Chitika Featured on MediaPost

I believe bloggers are powerful efluencers in the new web. Check out my article on efluencers that was featured on MediaPost this week:

Holiday Shopping Season 2007: All About The Blogs By Tessa Rudd

ONLINE SHOPPERS HAVE AN ENTIRE global marketplace only a few mouse clicks away. Lately, however, online shoppers and those advertiser and marketers who are trying to reach them see guided shopping, like what exists in the blogosphere, as compelling. The blogosphere offers an unbiased, third-party voice for consumers, while simultaneously empowering advertisers with the valuable opportunity to capitalize on the trust that has developed between bloggers and consumers. Numerous reports from the Internet advertising industry and market researchers suggest that advertising is working on blogs. This is creating a dynamic environment where branding meets direct marketing… Read more

Chitika’s Holiday Office Hours

Hope everyone is taking some time off from work to enjoy time with friends and loved ones this holiday season, I know we will be!

Monday, Dec. 24th our office will close at 12:00pm EST We will be back Wednesday, Dec. 26th-28th! Monday, Dec.31st we will also close at 12:00pm EST to get ready to ring in 2008!!

For any emergency issues with your Chitika ad’s please contact: Holiday911(at)chitika(dot)com During our normal business hours (M-F 9am-5pm EST) please call: (866) 441-7203 or email support. Have a safe holiday! -The Chitika Family

Happy 10th Blogiversary

Once a neologism, the blogosphere celebrates a 10th Birthday this week. Here at Chitika we are thrilled to commemorate a decade of blogging. Since its advent, the blogosphere has been loosely defined, which in itself is congruous to a blog’s open and casual nature as a communicative medium. The word blog was contrived by Jon Barger on December 17th, 1997. Barger created the word to describe his Robot Wisdom web page, and according to BBC News, “the word was an abbreviation of the “logging” of interesting “web” sites that Mr. Barger featured on his regularly updated journal.”

Although many web users already maintained regular journals online, 1997 marks the point at which these ‘web logged journals’ in theory became a particular online pursuit. It is estimated that in late 1998 the blogosphere encompassed only 23 sites. In 1999 the technology arose to make the writing and the maintaining of blogs more user-friendly. And of course a date we all hold dearly in our hearts, in 2003, Chitika was born, making advertising work on blogs and thereby supporting bloggers with advertising generated revenue.

Where are we today? It’s been decade since Barger coined the term and blog-monitoring company Technorati reports tracking more than 70 million blogs. Today common text book definitions of ‘blog‘ resemble, “a website where entries are commonly displayed in reverse chronological order.” Popular blogger Andrew Lark offers a more intricate and whole-hearted version as he describes, “It’s as if though the blog becomes the center point of your own little opt-in community. You get to fuel it with dialog and if folks like it, they come back and not only share in your views but participate in your little walk through life.” Today’s plethora of 70 million blogs include subject matter ranging from ‘personal blogs’ of diary-like expressive prose, to specialized industry news (at times referred to as ‘corporate blogs’), offering up-to-date information and commentary regarding developments or breakthroughs in that field. The Wall Street Journal describes this advancement in diversity of content, explaining blogs have evolved from being “once a smorgasbord of links, [blogs] have evolved into vehicles for fuller, more forceful and opinionated prose.” The Wall Street Journal further reflects that after ten years, there “are a dozen brief meditations on what the blog has come to mean and on the role blogs play in the usual tussles of any civilized society.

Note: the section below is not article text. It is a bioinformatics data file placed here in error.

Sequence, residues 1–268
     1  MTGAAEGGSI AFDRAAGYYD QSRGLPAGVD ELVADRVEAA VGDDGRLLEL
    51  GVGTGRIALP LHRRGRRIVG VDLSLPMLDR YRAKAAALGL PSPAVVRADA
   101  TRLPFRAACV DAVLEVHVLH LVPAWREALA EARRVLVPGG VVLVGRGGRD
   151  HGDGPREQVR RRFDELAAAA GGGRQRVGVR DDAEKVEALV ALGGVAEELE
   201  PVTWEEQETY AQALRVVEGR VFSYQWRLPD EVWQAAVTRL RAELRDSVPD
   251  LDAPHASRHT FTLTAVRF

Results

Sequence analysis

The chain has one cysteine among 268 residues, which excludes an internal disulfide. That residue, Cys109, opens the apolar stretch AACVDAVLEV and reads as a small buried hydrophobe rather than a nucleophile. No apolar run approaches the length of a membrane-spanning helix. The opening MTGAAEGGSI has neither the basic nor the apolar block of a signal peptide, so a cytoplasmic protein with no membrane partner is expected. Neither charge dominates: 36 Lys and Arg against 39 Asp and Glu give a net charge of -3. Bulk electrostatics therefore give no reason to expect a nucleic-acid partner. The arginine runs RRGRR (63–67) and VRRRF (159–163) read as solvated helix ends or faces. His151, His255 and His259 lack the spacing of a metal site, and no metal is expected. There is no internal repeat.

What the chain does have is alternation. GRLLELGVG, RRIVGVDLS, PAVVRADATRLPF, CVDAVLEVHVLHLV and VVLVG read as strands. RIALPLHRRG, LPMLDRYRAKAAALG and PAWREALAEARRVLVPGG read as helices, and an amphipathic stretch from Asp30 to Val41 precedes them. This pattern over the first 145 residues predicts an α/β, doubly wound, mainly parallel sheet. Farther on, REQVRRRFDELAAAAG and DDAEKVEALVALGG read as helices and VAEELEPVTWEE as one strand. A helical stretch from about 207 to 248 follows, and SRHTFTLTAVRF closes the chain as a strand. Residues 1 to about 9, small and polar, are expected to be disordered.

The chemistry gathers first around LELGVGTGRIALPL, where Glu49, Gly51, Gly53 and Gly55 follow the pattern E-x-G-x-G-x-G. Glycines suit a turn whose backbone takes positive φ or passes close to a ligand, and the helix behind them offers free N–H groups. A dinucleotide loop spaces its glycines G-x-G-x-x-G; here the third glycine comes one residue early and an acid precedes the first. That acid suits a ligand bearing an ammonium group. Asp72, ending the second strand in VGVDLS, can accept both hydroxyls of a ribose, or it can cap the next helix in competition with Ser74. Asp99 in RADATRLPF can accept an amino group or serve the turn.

The appropriate question about blogs, 10 years into their first appearance, is not whether they are a form of exhibitionism, or journalism, or theater. It is, instead, this, and I pose it with a courteous apology to Tom Wolfe: What would we do without blogs?” Regardless of content, blogging offers the unique and powerful opportunity for direct and immediate communication with others who can respond to ideas on a democratic platform. Through this as well as the utility of technology, the blogosphere enables the formation of social communities, or public forums, in which democratic discourse can take place based on shared interest or opinion. Blogging has accomplished a lot over the past ten years. I contend that the impact of blogs exceeds just offering a platform for direct communication on a global level at best. The blogosphere initiates a new era of trust when it comes to public discourse. A transcendent quality of the internet in general, is that everyone with a computer has equal access, and with this, and particularly relative to the blogosphere, anyone can say anything.